Sarcomas that begin in the cervix are also rare, accounting for fewer than 1 percent of all cervical cancers, according to Diagnostic Pathology. Symptoms may resemble other types of cervical cancer and include abnormal vaginal bleeding and abdominal pain. Treatment regimens for cervical sarcomas arent standardized and may vary, but a combination of surgery and chemotherapy may be used.

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Tests And Procedures Used To Stage Cervical Cancer

If you are diagnosed with cervical cancer, you will be referred to a gynecologic oncologist. This is a doctor who specializes in staging and treating cervical cancer and other cancers of the female . They will recommend tests to determine the extent of cancer. Sometimes the cancer is only in the cervix. Or, it may have spread from the cervix to other parts of the body. The process of learning the extent of cancer in the body is called staging. It is important to know the stage of the cervical cancer in order to plan the best treatment.

For information about a specific stage of cervical cancer, see Cervical Cancer Stages.

The following procedures may be used to determine the cervical cancer stage:

Imaging tests

Lab tests

  • Complete blood count is a blood test that measures the following in a sample of blood:

    the amount of hemoglobin in the red blood cells

    the portion of the blood sample made up of red blood cells

  • Blood chemistry study is a blood test that measures the amounts of certain substances released into the blood by organs and tissues in the body, including , , , , , and liver function values. An unusual amount of a substance can be a sign of cancer spread or other diseases.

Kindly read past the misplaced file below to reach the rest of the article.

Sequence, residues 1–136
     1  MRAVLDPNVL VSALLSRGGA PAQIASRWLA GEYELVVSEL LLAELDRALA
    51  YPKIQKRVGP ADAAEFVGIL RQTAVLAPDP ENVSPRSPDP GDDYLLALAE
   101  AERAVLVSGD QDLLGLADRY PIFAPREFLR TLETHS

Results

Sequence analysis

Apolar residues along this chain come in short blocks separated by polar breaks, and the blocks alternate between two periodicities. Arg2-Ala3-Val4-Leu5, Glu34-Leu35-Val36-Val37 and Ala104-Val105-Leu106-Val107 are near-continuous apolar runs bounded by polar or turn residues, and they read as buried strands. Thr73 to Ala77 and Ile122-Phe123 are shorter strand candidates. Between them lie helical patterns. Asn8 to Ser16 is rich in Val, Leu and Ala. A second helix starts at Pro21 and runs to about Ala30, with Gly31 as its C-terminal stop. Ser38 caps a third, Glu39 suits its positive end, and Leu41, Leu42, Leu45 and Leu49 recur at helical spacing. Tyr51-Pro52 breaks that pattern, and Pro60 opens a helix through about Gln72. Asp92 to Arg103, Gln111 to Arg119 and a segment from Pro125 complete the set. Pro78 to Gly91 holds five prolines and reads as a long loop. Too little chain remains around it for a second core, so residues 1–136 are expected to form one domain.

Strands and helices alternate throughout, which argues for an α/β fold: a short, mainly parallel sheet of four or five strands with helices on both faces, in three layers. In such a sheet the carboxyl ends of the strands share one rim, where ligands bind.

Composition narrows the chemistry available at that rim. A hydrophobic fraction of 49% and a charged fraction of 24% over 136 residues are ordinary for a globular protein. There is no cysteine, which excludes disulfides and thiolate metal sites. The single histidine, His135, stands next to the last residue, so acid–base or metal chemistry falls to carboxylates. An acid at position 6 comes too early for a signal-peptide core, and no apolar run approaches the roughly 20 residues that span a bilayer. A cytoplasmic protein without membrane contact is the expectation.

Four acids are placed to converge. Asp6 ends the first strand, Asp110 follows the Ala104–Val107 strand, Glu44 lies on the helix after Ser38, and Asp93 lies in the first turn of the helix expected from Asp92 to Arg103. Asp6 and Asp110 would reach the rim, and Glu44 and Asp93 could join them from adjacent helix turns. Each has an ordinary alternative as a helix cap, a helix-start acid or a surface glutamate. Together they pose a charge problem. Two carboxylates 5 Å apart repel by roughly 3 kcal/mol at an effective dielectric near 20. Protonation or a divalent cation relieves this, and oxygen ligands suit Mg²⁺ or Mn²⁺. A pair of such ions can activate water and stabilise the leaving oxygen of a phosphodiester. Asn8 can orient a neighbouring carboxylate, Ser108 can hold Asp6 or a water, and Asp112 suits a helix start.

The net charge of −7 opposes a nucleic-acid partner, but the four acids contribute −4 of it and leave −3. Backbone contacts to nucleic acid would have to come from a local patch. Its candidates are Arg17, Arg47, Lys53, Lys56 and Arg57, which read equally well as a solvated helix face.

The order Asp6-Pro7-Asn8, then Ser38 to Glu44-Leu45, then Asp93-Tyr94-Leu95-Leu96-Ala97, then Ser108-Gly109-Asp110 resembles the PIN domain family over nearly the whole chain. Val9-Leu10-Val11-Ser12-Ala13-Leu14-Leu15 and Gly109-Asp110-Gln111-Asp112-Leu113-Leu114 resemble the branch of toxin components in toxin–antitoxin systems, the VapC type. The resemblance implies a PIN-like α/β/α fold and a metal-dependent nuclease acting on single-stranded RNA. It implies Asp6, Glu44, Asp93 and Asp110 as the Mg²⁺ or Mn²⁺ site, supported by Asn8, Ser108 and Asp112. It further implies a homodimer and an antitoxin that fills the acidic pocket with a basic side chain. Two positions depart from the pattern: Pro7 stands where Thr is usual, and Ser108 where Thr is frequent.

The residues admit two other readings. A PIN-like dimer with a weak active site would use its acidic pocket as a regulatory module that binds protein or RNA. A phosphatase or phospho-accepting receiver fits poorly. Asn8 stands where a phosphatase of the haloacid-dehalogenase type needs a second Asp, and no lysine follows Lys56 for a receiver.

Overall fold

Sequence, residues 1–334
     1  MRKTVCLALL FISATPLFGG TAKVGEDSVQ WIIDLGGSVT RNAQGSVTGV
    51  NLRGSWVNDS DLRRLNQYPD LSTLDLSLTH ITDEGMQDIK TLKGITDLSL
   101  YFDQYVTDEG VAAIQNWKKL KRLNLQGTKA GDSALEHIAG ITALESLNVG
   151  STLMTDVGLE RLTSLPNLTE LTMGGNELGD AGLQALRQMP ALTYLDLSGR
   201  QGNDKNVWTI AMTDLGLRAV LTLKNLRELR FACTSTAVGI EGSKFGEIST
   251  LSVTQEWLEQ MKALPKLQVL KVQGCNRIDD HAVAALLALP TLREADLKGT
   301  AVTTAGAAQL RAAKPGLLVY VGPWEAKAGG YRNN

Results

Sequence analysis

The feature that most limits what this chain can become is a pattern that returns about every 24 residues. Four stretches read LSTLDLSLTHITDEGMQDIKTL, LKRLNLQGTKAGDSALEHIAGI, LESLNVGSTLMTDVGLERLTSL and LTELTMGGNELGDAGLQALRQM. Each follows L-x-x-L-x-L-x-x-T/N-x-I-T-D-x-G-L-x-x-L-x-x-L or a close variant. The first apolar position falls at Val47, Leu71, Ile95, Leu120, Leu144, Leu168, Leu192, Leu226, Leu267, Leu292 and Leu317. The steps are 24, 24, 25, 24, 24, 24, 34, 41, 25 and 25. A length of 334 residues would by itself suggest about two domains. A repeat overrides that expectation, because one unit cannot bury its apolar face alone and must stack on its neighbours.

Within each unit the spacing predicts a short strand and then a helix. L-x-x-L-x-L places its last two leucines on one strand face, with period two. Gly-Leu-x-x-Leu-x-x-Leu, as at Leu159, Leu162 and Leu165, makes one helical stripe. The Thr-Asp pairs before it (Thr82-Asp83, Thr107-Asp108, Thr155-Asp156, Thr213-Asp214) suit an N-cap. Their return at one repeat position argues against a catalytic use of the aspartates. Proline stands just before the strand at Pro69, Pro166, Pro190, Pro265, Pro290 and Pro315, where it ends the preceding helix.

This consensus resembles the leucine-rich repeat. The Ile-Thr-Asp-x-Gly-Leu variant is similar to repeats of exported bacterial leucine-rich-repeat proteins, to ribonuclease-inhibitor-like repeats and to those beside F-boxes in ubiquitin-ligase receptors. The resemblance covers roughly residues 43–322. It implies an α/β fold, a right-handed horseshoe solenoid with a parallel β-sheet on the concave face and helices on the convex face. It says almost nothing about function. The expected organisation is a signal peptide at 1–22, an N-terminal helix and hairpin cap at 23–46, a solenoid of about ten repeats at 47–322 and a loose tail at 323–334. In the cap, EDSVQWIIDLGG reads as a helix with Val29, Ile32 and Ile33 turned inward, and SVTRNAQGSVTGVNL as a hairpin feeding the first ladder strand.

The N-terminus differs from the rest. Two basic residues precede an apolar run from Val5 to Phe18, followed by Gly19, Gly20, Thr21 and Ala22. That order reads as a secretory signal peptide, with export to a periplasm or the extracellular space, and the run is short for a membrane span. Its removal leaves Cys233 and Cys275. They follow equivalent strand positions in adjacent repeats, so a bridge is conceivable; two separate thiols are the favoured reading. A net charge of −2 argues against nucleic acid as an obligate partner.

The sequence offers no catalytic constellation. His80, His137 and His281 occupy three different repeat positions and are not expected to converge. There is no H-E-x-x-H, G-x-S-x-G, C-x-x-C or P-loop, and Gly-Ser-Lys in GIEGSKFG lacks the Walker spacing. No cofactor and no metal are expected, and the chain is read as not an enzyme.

For more information about lab tests used in cancer medicine, see Understanding Laboratory Tests.

Visual examination

Accuracy Of The Pap Test

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Ideally, determining the sensitivity and specificity of a screening test would involve a study that applies a gold standard test to all participants . Sensitivity and specificity could be calculated. Such studies have rarely been done for any screening test for cervical cancer. Studies that compare the Pap test with repeat Pap testing have found that the sensitivity of any abnormality on a single test for detecting high-grade lesions is 55% to 80%. Because of the usual slow-growing nature of cervical cancer, the sensitivity of a program of regular Pap testing is likely higher.

To determine the sensitivity and specificity of the Pap smear, both a test threshold and a reference-standard threshold must be defined. In practice, atypical squamous cells of undetermined significance are often used as the test threshold, and CIN 1 is often used as the reference threshold. This combination gives a sensitivity of about 68% and a specificity of about 75%. A more appropriate test threshold may be LSIL, with a reference threshold of CIN 23. This combination gives a sensitivity of 70% to 80%, with a specificity of about 95%.

One important factor in the accuracy of the Pap test is the adequacy of the specimen obtained. Adequate training and using techniques such as the cytobrush may improve sensitivity.

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Are Routine Pelvic Exams Necessary

Sometimes. You and your healthcare provider can decide if you need a pelvic exam on the years that you aren’t due for cervical cancer screening. This is based your health history and sexual activity.

It’s still important to schedule routine care visits with your healthcare provider to discuss your sexual health and other concerns specific to your reproductive health. If you’re sexually active and under the age of 25, having annual screenings for chlamydia and gonorrhea may be recommended. Additionally, a clinical breast exam may help find lumps on your breasts.

What Can You Do To Reduce Your Risk

  • Beginning at age 21, see your doctor and get regular PAP tests every 3 years.
  • After age 30, get the PAP test and HPV test done every 5 years as recommended.
  • Get the HPV vaccine before becoming sexually active .
  • If you smoke talk to your doctor about how to quit.
  • Eat a healthy, balanced diet with lots of fruits and vegetables, whole grains and lean protein.
  • Know the signs and symptoms, and tell your doctor if you have:
  • Bleeding between periods
  • Bleeding after menopause, or after sexual intercourse
  • Pelvic pain, pain during sexual intercourse, or unusual vaginal discharge